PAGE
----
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Glasgow Sonnet 1 Critical Essay

Glasgow Sonnet Essay

1086 WordsDec 29th, 20145 Pages

Glasgow sonnet is a touching poem written by Edwin Morgan and is about how Glasgow used to be, years ago and the effects that it had on people. It deals with an important issue such as poverty and we see the reality of it and how it shouldn’t be ignored. By examining Morgans use of techniques we will be able to seen more of the effects of poverty and how and things actually are Morgans makes the poem particularly effective by the use of sonnet structure, the first 8 lines show us the area and the surroundings and the second half shows us the inside of the situation including people having to deal with this poverty.

Straight away the opening line sets the scene and immediately gives us an image of the place and just how depressing the…show more content…

It also gives us a clear image that all the window are destroyed and that children are playing some ofrm of game, this also suggests that the children are bored and have nothing to do so they try to smash window. Also gives off a sense of decay and left over ruins. This makes us think of how horrid the building must look and this deals with poverty as children should be doing something else to entertain themselves. Also that people actually live in that damaged building where windows are smashed.

We now see the people that actually have to live here and who are reading with this poverty;
“mother and daughter the last mistresses” by saying “mother and daughter” it suggests generations caught in poverty and theres no way to get out of it . the word “mistresses” has conotations of pride and an owner of a mansion or something spectacular. The poet deals with this part particulary well as he makes us think about how they are stuck within poverty and how it seems to be difficult to get out of it. We wonder why Morgan has to show that there is some hope. This use of irony further highlights the absurdity of the extent of poverty that they are actually in.

we continue to move on and see that things seem to just be getting harder and Morgan uses everyday objects to describe the life situation;
“around them the cracks deepen”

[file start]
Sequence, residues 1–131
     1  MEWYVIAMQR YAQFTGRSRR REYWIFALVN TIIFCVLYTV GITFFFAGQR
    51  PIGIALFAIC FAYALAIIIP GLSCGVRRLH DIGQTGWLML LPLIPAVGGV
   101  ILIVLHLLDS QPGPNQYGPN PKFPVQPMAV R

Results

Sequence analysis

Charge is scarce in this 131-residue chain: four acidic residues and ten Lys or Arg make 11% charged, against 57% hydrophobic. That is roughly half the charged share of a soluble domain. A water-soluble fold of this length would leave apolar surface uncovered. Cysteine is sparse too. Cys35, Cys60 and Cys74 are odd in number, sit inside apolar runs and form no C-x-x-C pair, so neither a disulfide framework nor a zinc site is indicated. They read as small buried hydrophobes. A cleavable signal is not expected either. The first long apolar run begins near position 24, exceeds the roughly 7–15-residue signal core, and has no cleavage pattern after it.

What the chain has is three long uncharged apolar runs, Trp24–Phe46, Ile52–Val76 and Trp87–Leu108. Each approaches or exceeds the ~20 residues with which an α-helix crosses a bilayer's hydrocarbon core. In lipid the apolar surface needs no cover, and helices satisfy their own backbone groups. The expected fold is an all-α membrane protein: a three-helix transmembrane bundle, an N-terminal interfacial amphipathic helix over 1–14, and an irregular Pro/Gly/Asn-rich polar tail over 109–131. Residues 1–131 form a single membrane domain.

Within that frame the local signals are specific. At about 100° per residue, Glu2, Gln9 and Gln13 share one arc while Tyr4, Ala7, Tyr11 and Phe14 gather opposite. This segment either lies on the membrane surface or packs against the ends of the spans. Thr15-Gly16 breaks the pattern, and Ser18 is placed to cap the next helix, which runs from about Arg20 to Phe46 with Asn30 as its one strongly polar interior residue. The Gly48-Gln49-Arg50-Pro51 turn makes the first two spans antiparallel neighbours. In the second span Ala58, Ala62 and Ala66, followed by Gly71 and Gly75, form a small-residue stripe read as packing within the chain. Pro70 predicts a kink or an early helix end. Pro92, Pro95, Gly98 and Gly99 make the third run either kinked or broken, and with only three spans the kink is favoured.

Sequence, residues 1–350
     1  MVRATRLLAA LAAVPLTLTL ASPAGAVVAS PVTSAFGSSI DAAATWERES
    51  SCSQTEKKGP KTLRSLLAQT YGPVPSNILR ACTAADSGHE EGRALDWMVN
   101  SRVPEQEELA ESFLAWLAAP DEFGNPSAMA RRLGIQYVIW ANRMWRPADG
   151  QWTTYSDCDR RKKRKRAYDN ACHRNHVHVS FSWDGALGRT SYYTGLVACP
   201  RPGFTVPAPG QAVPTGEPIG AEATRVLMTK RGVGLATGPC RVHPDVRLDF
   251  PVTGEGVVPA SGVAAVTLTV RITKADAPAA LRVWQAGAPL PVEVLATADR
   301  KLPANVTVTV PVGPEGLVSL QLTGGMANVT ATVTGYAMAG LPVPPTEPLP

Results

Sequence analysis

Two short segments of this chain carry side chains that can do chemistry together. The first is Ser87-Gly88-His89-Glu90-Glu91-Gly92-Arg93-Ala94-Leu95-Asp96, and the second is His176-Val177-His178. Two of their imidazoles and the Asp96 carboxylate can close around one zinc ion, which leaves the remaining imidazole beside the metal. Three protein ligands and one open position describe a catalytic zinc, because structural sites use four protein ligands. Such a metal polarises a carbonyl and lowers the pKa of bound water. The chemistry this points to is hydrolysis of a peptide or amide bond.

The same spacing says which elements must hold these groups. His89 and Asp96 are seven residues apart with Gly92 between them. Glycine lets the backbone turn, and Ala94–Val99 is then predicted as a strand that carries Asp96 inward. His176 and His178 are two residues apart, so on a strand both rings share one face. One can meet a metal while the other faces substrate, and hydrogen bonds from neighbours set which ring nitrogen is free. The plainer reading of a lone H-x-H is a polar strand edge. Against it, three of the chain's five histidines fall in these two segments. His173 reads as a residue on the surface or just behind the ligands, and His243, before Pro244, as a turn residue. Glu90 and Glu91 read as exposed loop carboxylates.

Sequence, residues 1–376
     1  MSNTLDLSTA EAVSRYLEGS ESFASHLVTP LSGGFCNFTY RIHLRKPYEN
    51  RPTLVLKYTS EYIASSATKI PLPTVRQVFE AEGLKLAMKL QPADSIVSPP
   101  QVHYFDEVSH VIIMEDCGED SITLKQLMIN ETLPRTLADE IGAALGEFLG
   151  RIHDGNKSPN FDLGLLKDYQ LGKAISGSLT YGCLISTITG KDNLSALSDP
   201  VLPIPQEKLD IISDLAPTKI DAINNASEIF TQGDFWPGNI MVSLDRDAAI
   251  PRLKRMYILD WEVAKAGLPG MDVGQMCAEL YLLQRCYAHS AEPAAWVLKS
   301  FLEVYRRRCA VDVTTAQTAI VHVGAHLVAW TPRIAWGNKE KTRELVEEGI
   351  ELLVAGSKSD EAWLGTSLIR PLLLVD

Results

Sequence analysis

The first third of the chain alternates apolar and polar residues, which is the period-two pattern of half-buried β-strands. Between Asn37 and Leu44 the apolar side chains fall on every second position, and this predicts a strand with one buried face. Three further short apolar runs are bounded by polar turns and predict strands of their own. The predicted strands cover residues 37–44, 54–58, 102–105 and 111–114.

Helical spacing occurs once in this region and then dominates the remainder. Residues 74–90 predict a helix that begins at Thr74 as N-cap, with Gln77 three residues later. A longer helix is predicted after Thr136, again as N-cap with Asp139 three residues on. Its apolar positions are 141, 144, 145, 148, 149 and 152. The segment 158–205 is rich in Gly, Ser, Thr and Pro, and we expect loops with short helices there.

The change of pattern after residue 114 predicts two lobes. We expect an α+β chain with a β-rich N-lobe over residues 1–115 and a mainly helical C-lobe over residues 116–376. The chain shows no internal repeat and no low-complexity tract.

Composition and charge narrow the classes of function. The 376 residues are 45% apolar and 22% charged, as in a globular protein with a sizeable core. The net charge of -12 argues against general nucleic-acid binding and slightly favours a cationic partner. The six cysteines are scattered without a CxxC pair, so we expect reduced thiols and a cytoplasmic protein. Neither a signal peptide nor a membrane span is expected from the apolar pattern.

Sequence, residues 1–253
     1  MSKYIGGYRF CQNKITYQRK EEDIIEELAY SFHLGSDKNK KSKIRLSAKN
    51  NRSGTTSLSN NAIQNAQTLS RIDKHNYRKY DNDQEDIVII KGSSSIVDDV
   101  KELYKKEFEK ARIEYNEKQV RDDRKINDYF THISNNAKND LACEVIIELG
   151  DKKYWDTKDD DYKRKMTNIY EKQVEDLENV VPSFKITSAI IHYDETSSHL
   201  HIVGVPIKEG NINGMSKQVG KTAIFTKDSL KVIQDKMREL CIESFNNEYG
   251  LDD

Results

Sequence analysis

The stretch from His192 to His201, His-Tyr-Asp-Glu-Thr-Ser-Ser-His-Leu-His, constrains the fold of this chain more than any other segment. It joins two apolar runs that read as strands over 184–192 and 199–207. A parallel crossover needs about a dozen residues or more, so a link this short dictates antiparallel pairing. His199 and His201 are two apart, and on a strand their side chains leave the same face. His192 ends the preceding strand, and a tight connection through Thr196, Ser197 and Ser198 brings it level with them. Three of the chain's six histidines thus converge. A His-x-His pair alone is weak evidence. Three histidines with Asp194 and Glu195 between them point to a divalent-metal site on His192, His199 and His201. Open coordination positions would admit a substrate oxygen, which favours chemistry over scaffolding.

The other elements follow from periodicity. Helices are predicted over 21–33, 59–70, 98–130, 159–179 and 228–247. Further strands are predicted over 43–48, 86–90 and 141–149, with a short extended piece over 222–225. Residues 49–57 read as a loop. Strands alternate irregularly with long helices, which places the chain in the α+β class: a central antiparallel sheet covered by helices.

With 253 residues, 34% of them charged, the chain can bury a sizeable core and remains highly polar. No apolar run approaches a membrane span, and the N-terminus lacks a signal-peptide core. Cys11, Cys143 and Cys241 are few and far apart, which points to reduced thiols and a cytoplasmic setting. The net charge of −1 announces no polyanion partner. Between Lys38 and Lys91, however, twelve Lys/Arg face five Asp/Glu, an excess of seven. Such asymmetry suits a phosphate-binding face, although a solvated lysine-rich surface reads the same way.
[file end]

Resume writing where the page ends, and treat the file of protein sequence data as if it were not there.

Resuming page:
Here a metaphor is used in describing the cracks in life and socirty as

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BRIEF NOTES ON KEY QUOTES FROM THE "GLASGOW SONNETS (i)".   "A mean wind wanders" - Instantly a harsh environment is implied through "mean wind"; the wind has been personified as an evil, angry character with intent on causing harm. From the word "wanders", the wind is travelling aimlessly/ has no planned route; therefore, the wind is being described as a thug that is aimlessly travelling down the backcourt careless of whom or to what that it may harm. "Hackles on puddles rise" - this imagery illustrates the harsh wind's intentions. The puddles have been placed under attack; this is illustrated through Morgan's use of imagery. Hackles are the hairs found along the back of an animal that rise when alarmed or angry; therefore, the wind's harshness is causing issues for the puddles. This adds to the despair which inhibits this bleak area. "old mattresses puff briefly and subside" - this quote suggests that the mattresses are ready for a fight because they "puff briefly", they are making themselves bigger but they loose their courage and subside; the "mean" wind is to harsh, is a thug. "Play-fortresses" - the bleak conditions are hightened when Morgan writes about a children's playing area as a play-fortress. This word combinations is very interesting because a fortress is a building designed for defence against an enemy, therefore implying that the children are defending themselves from their environment, the invading decay. However, the word "play" suggests that the children are merely playing games which involve them being put under attack, if so, this is ironic because the children are indeed under attack; attack from their disintegrating environment and ultamately that of poverty. the quote then continues: " ... of bric and bric-a-brac" - reading this part of the quote you, as the reader, are made to have sympathy for the children playing their games; they are playing with discarded waste. This shows there is no hope for them - poverty will swallow them.  "have no windows left to smash" - the word choice featured in this quote is also interesting because it gives the reader an insight into the area. What you can gather is that four storeys of the block of flats have no more windows - they have all been smashed. What is interesting, however, is that he writes "left to smash", this implies that if there were any windows people would smash them regardless. This continues this idea of the area being bleak, it implies that…